For you to become a successful case manager, you may also need to apply to a professional and be certified. Many employers, particularly those in mid-level and senior Case Manager positions, also require candidates to be certified by the Commission for Case Managers.
Case Manager Job Description Template
Here below is a typical case manager job description template as curated by Glassdoor.
We are one of the leading companies in our industry. We have a 4.0 rating on Glassdoor from our employees. We’re now hiring a case manager to help us keep growing. If you’re serious about your next job, Example Co. is a great place to get ahead. This is the opportunity you’ve been looking for.
Responsibilities for Case Manager
- Coordinate and facilitate patient care through assessment, evaluation, planning, and implementation
- Communicate patient needs to a variety of care team members and follow up accordingly.
- Manage discharge plans upon completion of treatment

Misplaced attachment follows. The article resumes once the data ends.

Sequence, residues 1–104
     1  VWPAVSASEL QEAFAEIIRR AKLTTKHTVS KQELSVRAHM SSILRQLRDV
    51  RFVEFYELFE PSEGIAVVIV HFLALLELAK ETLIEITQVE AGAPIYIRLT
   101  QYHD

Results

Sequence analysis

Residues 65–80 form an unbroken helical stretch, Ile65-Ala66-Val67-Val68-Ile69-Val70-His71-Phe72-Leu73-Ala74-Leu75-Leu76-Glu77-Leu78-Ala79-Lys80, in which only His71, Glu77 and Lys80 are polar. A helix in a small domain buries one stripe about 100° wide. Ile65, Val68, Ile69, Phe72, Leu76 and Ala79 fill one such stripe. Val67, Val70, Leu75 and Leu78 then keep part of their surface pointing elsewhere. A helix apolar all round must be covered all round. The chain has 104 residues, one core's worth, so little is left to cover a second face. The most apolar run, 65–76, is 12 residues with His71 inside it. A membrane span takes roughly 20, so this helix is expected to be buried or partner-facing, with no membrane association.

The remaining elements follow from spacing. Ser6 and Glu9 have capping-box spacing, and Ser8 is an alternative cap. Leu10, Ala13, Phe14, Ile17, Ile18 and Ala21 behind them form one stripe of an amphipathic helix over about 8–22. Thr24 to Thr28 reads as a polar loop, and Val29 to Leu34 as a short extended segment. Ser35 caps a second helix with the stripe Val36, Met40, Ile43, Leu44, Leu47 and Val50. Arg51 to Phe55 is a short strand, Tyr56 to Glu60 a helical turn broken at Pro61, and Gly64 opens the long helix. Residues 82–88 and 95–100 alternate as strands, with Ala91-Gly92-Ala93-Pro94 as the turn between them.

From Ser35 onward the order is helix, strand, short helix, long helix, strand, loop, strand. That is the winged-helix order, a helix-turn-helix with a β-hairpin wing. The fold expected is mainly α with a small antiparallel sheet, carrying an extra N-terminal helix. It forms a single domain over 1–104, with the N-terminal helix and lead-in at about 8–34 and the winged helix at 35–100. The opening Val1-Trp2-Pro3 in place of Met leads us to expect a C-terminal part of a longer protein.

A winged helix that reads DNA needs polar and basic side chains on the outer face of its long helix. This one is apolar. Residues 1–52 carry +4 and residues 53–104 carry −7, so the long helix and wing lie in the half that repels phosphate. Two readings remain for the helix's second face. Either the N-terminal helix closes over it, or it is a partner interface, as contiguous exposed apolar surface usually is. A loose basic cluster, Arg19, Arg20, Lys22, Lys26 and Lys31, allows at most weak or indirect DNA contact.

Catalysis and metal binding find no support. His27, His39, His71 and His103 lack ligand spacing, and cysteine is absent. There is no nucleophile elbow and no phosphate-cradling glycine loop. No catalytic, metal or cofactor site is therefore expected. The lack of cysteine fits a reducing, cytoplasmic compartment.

- Work collaboratively with patients, families, physicians, and nurses to ensure high-quality help
- Act as the patient’s advocate as it relates to insurance coverage and financial assistance
- Maintain the patient’s comprehensive clinical record through detailed documentation
- Coordinate with third-party payors regularly
Qualifications for Case Manager
- Bachelor’s degree in Nursing
- Registered Nurse in state of practice
- Certified Case Manager, preferred
- 3-5 years of clinical experience, preferably in case management, or related experience
- Ability to walk and stand 50-80% of the time
- Proficient computer skills including experience with Microsoft Excel
- Strong written and verbal communication skills